By Bobby Bush
Beer is roughly 94% water. At the 6th annual Great Smokies Craft Brewers Brewgrass Festival that percentage was just a little bit higher. From start to finish, a steady rain - hard at times - lubricated the Asheville gathering almost as much as the craft-brewed beer did.
In any other city - except maybe Portland, Oregon where dampness is the lifestyle - this type of gray, rainy day would have practically squashed the festivities. Rain gear, umbrellas, plastic bags and boots were the voluntary uniform, as over 1,500 people filed through the gates at Pack Square, right in the hub of this eclectic, active mountain town.
Organizers Doug Beatty and Jimmy Rentz, co-owners of Barley's Taproom & Pizzeria, had a great line-up of breweries, 31 in all, on hand for the six hour party. As expected, North Carolina was well represented with 13 breweries, and their brewers, on hand to greet the masses. From just a few blocks away (Highland, Green Man, French Broad River and Asheville Pizza and Brewery) to Kill Devil Hills (Outer Banks Brewing Station, in its first Asheville fest), a who's who of Tarheel breweries were stationed beneath tents along the square's perimeter. From Greenville (Blue Ridge, Kind Ales and Thomas Creek) to Myrtle Beach (New South) with Spartanburg (R.J. Rockers) in between, five came from South Carolina. Eastern Tennessee made a good showing with three (Smoky Mountain, Rocky River and Sophisticated Otter from Gatlinburg, Sevierville and Johnson City, respectively) as did Georgia with the Atlanta trio of Sweetwater, Dogwood and Atlanta Brewing. From southern Louisiana, Abita was represented by their regionally distributed Turbodog and Purple Haze. Other regionals, scattered across the states from Maine (Allagash) to California (Sierra Nevada, Rogue, Mendocino) were also represented.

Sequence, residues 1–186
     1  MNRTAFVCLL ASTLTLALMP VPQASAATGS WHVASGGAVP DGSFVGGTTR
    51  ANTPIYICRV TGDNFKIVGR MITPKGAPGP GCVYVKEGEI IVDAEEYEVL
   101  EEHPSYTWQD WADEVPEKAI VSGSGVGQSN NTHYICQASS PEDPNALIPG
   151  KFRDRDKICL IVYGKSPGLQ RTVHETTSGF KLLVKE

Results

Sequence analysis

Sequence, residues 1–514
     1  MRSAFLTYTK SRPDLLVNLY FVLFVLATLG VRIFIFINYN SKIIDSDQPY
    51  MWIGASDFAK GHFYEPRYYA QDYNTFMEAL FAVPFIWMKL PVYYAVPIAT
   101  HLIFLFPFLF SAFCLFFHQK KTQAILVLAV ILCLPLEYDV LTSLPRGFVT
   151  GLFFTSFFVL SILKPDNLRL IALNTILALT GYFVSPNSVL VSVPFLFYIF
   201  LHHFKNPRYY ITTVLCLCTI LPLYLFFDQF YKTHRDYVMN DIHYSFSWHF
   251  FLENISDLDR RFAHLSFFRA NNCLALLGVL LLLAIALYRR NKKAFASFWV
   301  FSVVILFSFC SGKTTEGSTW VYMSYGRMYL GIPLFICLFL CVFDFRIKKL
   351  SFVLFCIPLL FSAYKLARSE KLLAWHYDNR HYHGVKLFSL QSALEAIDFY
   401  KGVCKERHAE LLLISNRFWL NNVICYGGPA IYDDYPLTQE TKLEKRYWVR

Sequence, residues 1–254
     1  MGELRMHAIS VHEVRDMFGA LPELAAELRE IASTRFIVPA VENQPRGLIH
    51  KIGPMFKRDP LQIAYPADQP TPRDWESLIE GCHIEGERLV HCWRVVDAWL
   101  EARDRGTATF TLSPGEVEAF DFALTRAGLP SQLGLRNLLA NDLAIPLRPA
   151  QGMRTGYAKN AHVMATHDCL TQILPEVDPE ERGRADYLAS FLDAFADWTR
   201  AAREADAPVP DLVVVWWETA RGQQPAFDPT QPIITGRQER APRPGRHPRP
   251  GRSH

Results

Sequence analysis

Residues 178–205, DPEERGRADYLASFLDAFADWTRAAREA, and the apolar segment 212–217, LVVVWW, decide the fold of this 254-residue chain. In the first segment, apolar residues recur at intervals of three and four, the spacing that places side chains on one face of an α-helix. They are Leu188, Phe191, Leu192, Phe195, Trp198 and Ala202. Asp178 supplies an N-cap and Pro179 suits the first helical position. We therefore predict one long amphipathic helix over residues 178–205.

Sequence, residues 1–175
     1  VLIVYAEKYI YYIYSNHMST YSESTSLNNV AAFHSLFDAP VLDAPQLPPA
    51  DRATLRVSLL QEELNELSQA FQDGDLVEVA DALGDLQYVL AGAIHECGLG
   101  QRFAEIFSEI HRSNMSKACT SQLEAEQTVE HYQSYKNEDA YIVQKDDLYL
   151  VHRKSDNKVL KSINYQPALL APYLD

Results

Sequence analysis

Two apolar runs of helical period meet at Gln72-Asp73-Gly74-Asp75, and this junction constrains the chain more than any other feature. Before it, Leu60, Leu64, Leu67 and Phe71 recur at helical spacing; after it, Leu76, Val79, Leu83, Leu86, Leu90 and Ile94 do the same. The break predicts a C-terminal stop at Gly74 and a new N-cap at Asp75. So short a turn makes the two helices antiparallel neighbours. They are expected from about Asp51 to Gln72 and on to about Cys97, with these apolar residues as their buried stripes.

It truly was a gathering of great American beers, all exemplary in their own right. The Brewgrass fest holds no beer competition- there's no best of this or best of that. With nearly 100 to choose from, it's easy to cull out the bad ones (there weren't any) and nearly impossible to identify the extraordinary brews. Often asked "what's good?" by fellow festers, I always try to recommend a few. My personal faves this time included brewer Zach Hart's Oktoberfest and Schwarzbier from Mash House Brewpub in Fayetteville. Jonas Rembert, head brewer for French Broad River, who is trying to distinguish his small Asheville microbrewery from the pack by brewing distinctive continental European ales, has several stunning ales on tap. Marzen Oktoberfest was particularly flavorful, as was the port-like In Flander's Field Brown Ale. Lemongrass Wheat Ale from Outer Bank was an intriguing light drink. On the hoppy side, there was the consistently great Cottonwood Endo IPA from Carolina Beer in Mooresville; Sweetwater IPA from Atlanta; Shiva IPA from Asheville Pizza and others. And on the rich malty side of the scale, memorable beers include the chewy Charlie's Barley, made with four different malted barleys made by T.L. Adkisson at Ham's Brewhouse in Greenville, NC and Thomas Creek's impressive Dopplebock.
Hell, there were just too many to try. And too many distractions. Tempting food was available from Barley's, The Golden Horn, Freeman's BBQ and Zambra. And don't forget the music - that's the other half of Brewgrass fun. As we waited in the rain soaked line for our wrist bands, Steep Canyon Rangers kicked off the five band revue. From Switzerland, the Kruger Brothers were next with their traditional American folk and bluegrass sounds, followed by cross-genre banjoist Tony Trischka and his Bluegrass Band. (Both of these acts had been booked for last year's festival but had to cancel due to the 9/11 tragedy just a few days earlier). Traditionalists Blue Rooster made their 7:00 curtain call, but by 8:00 the wind started lifting beer tents off the ground. Rain pelted torrentially as nearly everyone sought shelter with the brewers beneath flailing tents. Spirits remained jovial, even as officials, fearful of lightning bolts overhead, were forced to stop the festival half-an-hour early. That meant newly-formed group High Windy, scheduled to close the show, was not allowed to perform. Spooked by the ominous weather, High Windy became Dark Ridge as the soaked crowd dispersed, wet, smiling and satisfied by another successful Brewgrass Festival.
See www.BeerSouth.com for a photo scrapbook of this and other Southern beer festivals.
This article first appeared in Focus, a weekly paper published in Hickory, North Carolina.
© Bobby Bush